Theology Corner

Addressing commonly asked questions about Christianity from the perspective of a non-theologian

Theology Corner


We should avoid claiming to understand all the ramifications of the substitutionary atonement. The bodily death of Jesus Christ on a cross may be impacting a multitude of issues far beyond our understanding. But what do we know for sure?

At some point in time, God entrusted Satan and other powerful angels with the stewardship of all creation (Luke 4:5-7). They betrayed God’s trust and began to turn what God created as good into an inherently violent and terrifying system dominated by decay, destruction, disease, suffering and death. Although God could have simply restored and repossessed His corrupted creation, His purity of wisdom, holiness, justice and truth demanded a punishment for every crime, every evil and every sin. Only one punishment, the substitutionary atonement, was great enough to redeem all creation from the bondage of evil and redeem all mankind from the bondage of sin.

One of the core beliefs of Christianity can be stated as follows

Each person who responds to God’s grace and the substitutionary atonement of Jesus Christ by confession of sin, remorse, repentance, faith and obedience receives the great gift of salvation. Each person who resists God’s grace is condemned to everlasting punishment.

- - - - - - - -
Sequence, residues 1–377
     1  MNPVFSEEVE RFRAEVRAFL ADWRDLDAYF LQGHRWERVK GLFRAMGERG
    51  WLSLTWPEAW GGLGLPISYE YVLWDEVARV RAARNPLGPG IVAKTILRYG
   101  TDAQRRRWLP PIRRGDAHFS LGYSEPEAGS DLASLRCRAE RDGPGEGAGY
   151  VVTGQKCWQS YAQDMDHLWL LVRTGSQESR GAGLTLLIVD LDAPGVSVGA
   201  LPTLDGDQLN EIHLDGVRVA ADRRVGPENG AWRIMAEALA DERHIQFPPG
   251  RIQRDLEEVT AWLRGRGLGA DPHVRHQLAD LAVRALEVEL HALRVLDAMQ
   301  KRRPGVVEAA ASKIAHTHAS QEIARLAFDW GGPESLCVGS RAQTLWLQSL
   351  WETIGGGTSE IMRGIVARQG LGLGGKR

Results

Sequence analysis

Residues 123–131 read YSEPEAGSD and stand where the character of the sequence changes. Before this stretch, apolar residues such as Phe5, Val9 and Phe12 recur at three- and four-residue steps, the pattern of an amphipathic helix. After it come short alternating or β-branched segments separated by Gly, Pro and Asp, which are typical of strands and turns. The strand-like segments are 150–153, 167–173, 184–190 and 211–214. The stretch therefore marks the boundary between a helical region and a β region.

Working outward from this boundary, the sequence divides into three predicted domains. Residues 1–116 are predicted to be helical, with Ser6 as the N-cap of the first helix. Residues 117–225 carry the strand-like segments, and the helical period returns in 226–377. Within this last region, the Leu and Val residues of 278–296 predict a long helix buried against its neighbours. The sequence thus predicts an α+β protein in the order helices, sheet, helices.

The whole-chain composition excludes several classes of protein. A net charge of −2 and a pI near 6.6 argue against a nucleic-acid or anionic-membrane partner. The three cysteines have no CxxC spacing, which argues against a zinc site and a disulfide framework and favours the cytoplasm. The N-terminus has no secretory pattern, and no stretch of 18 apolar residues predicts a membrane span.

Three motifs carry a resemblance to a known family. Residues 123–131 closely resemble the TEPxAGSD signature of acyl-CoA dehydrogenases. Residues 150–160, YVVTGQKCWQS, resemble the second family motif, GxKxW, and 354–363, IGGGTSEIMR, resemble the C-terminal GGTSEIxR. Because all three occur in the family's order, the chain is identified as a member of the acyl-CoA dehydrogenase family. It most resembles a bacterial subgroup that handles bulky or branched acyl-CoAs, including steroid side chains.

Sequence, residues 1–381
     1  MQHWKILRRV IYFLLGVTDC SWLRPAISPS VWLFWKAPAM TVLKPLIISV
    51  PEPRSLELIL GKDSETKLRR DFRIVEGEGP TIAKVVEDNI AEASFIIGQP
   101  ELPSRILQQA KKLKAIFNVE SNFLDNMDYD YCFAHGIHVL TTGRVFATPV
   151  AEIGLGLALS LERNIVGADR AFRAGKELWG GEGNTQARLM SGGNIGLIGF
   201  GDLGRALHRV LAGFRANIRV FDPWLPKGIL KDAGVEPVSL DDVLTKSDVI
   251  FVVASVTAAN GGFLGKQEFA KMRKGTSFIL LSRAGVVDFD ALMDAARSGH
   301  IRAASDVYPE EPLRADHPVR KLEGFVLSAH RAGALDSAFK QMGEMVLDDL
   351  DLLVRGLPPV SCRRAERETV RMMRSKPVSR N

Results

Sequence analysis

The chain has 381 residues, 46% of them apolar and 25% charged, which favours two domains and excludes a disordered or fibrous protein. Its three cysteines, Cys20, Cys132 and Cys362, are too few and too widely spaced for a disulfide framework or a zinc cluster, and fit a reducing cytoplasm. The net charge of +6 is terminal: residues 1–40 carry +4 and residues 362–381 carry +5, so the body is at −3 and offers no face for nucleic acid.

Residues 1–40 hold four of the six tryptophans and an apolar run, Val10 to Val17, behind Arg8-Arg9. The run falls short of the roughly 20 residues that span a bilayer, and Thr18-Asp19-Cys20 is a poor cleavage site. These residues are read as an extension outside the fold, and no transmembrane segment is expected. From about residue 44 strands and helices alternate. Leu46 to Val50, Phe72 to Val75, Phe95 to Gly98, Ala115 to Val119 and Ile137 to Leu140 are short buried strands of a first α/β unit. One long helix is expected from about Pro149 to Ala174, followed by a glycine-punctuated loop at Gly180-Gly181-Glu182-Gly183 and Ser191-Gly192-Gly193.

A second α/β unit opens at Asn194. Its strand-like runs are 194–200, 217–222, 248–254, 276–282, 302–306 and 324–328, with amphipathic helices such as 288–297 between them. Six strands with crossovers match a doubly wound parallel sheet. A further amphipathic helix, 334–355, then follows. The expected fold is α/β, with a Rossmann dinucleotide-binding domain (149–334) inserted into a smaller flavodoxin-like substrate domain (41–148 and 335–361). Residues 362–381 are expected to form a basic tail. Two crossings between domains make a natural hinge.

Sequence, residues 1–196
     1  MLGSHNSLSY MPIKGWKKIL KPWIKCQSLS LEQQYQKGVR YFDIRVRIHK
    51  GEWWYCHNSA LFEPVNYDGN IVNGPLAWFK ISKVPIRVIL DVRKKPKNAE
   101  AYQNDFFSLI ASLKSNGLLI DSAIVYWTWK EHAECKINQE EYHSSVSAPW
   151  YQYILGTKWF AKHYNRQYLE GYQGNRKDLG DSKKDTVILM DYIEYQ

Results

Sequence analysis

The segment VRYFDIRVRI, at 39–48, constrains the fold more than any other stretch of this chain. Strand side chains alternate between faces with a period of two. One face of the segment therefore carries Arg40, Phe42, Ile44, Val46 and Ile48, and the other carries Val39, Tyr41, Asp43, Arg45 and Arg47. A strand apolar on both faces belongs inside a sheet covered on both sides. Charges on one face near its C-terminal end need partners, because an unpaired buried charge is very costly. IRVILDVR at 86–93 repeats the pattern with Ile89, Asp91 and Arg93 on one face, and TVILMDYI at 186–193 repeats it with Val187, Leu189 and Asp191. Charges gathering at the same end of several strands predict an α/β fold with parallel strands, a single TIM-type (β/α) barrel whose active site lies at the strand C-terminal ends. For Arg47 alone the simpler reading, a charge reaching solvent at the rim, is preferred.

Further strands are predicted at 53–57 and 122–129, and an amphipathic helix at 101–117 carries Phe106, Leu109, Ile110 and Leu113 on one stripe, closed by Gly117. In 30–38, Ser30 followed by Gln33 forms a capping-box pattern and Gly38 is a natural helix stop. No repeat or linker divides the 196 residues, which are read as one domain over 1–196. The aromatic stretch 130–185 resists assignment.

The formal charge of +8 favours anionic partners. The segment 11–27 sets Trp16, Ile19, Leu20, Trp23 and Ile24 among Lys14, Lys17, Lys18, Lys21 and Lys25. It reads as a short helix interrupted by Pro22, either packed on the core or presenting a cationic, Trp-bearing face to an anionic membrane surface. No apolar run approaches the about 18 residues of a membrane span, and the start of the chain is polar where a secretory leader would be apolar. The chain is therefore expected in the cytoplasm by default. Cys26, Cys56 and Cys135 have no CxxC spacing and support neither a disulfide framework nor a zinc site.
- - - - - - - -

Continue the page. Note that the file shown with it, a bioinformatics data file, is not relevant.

• Each person who responds to God’s grace and the substitutionary atonement of Jesus Christ by
  • confession of sin (Ps 32:3-5; 1 John 1:8-10),
  • remorse (Ps 66:18; Luke 18:13),
  • repentance (Mat 3:8; Rom 12:2, 13:14; Eph 4:23-24; Rev 2:5, 16, 3:3, 19),
  • faith (John 6:29, 3:16-17; Acts 16:31; Eph 2:8-10) and
  • obedience (Mat 28:20; Luke 11:28; John 14:15; Rom 1:5, 6:16; Heb 5:9)
  • receives the great gift of salvation (Acts 4:12; Rom 1:16; 2 Cor 7:10; 1 Thes 5:9; Heb 5:9; 1 Pet 1:9, 18-19).
  • Each person who resists God’s grace is condemned to everlasting punishment (Mat 25:46; 2 Thes 1:8-9).

The salvation of man, which comes by the substitutionary atonement, has many facets including but not limited to:

  • Redemption (Rom 3:24; 8:23) - You are freed from the bondage of sin for the first time in your life.
  • Forgiveness (Mat 6:9-15; 1 John 1:8-10) – You are forgiven your sins by God.
  • Justification (Rom 3:21-26) – You are declared righteous by God; this legal declaration is valid because Christ died to pay the penalty for your sin and lived a life of perfect righteousness that can in turn be imputed to you.
  • Adoption (Rom 3:23; Gal 3:26; 1 John 3:2) – You are a joint heir with Jesus to the Kingdom of God.